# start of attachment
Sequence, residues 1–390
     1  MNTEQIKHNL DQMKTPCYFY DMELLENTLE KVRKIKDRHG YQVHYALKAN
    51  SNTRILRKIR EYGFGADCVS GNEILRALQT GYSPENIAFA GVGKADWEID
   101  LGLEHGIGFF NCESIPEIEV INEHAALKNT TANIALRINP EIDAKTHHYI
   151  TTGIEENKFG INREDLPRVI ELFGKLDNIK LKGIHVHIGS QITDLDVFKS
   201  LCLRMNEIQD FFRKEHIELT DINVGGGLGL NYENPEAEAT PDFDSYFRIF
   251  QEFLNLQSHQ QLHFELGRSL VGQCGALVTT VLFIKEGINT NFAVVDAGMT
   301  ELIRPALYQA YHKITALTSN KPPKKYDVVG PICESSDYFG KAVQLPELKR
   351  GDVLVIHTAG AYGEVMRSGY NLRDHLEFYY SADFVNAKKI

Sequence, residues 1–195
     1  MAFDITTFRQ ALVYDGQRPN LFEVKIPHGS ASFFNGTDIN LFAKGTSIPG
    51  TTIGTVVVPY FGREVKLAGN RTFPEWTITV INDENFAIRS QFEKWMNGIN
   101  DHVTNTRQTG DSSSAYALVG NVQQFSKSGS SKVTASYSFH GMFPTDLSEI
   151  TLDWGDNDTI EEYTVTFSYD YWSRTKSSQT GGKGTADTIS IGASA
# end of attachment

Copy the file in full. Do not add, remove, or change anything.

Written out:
Sequence, residues 1–390
     1  MNTEQIKHNL DQMKTPCYFY DMELLENTLE KVRKIKDRHG YQVHYALKAN
    51  SNTRILRKIR EYGFGADCVS GNEILRALQT GYSPENIAFA GVGKADWEID
   101  LGLEHGIGFF NCESIPEIEV INEHAALKNT TANIALRINP EIDAKTHHYI
   151  TTGIEENKFG INREDLPRVI ELFGKLDNIK LKGIHVHIGS QITDLDVFKS
   201  LCLRMNEIQD FFRKEHIELT DINVGGGLGL NYENPEAEAT PDFDSYFRIF
   251  QEFLNLQSHQ QLHFELGRSL VGQCGALVTT VLFIKEGINT NFAVVDAGMT
   301  ELIRPALYQA YHKITALTSN KPPKKYDVVG PICESSDYFG KAVQLPELKR
   351  GDVLVIHTAG AYGEVMRSGY NLRDHLEFYY SADFVNAKKI

Sequence, residues 1–195
     1  MAFDITTFRQ ALVYDGQRPN LFEVKIPHGS ASFFNGTDIN LFAKGTSIPG
    51  TTIGTVVVPY FGREVKLAGN RTFPEWTITV INDENFAIRS QFEKWMNGIN
   101  DHVTNTRQTG DSSSAYALVG NVQQFSKSGS SKVTASYSFH GMFPTDLSEI
   151  TLDWGDNDTI EEYTVTFSYD YWSRTKSSQT GGKGTADTIS IGASA